The disruptive power of digital technologies in the water sector

The disruptive power of digital technologies in the water sector

By Emanuele Quaranta

Digital technologies are shaping our world and are at the center of policy and technological developments worldwide. These technologies generate technical, economic, environmental, and social benefits. In the social sphere, as well as the water management sector, digital infrastructure and rapid connectivity technologies present new opportunities.

Digital solutions are increasingly pivotal in various sectors, creating new opportunities for businesses, encouraging trustworthy technology, fostering an open and democratic society, enabling a vibrant and sustainable economy, and helping fight the effects of climate change. One area where the benefits of digital technologies are particularly noteworthy is in the water sector, which is the topic of this article.

The three main water sectors discussed in this article are Water Distribution Networks (WDNs), wastewater systems (WWSs), and hydropower. By leveraging digital solutions, these sectors are experiencing transformative changes that improve efficiency, reduce waste, and contribute to a more sustainable and resilient future.

Unlocking massive savings:

Digital technologies delivered about EUR 300 billion in capital and operating expenditure savings in the global water industry in 2016–2020 (0.29% of the global Gross Domestic Product), targeting water segments such as the treatment of wastewater, distribution, customer management, and metering of drinking water. 

In the water sector, the most widely used digital technologies include real-time monitoring, modeling approaches to support decision-making, and optimization measures, for example in energy consumption and data-based decisions.

The three main water sectors:

Curbing water loss and energy waste with digital tech: 

A water distribution network is a net composed of nodes, where water is injected or collected, and pipes where water flows, which link the nodes. One of the main problems of WDNs is associated with water losses (leakages), mainly due to poor maintenance/management, and ageing infrastructure causing leaks and pipe breaks. 

Through digital technologies, it is possible to monitor and detect these losses in real time, acting quickly to correct the problem. In addition, digitalization allows the implementation of real-time water flow measurement systems, which enables supply system managers to monitor demand and water consumption and make timely proactive decisions. Digitalisation also allows us to identify patterns of water consumption by different categories of users, which can be used to predict and avoid failures in the distribution system.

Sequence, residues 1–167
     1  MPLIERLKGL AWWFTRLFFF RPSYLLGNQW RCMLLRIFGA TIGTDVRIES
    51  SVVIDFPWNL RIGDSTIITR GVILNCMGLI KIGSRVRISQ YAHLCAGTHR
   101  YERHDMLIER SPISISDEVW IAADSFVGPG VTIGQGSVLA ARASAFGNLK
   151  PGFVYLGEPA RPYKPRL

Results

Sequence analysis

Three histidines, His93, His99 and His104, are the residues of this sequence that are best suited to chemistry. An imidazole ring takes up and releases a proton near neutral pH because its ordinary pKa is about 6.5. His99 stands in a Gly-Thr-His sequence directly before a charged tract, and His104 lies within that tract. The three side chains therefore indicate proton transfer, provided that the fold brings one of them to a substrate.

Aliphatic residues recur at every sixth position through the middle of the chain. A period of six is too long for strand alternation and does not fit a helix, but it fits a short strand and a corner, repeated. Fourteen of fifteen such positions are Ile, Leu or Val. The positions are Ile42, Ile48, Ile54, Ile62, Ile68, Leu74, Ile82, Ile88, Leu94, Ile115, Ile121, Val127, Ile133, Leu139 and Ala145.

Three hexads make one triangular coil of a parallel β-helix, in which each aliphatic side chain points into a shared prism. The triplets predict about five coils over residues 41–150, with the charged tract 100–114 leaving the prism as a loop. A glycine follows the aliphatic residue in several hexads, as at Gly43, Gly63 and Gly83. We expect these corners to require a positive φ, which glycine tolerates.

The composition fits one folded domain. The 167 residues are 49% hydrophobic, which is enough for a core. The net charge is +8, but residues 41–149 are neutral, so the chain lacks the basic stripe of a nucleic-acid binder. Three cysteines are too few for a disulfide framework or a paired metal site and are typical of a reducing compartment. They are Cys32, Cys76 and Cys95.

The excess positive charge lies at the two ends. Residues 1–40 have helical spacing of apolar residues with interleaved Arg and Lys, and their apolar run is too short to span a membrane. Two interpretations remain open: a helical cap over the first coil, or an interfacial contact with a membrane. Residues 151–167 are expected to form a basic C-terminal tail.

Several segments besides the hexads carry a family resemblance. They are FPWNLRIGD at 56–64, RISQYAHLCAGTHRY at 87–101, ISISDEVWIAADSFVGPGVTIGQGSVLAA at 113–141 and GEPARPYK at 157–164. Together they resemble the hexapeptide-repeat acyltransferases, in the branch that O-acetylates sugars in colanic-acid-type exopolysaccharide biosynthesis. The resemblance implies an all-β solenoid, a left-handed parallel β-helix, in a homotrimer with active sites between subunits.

The lost water from distribution systems all over the world can meet the demand of 200 million people, and the energy consumption for treating 1 m3 of water is 0.6–12 kWh and varies depending on the source of water (freshwater, groundwater, wastewater, desalinised water). 

On average in the EU, a 5% decrease in water distribution system leakage would save 313 million kWh of electricity annually (0.01% of annual EU electricity generation). This is equal to the electricity usage of over 31,000 homes. It would also avoid the emission of approximately 225,000 metric tons of CO2.

Digital technologies for wastewater challenges:

Combined wastewater sewers are designed to collect the dry weather flow (DWF), consisting of sewage from households, industrial discharges, and seepage of groundwater, into the sewers, together with urban runoff, and convey a certain amount of the combined flow to a wastewater treatment plant (WWTP). 

A WWTP generally receives a discharge of 4–6 times the average DWF in order to ensure the design pollution removal efficiency of the treatment process, although in some cases, it can be >6. When the sewer network discharge exceeds the conveyance capacity of the network, the WWTP cannot treat this surplus, and the overflow is released into the environment. 

Combined sewers are a widespread reality in the world and the European Union. Pollution from combined sewer overflows (CSOs) exerts significant pressure on the receiving water bodies and raises concern as a water management challenge. 

Real-time control (RTC), by means of digital solutions (digital twins), is emerging as a water management strategy for the reduction of CSOs, as it allows for better operation of hydraulic structures, such as gates and storage tanks within the sewer network.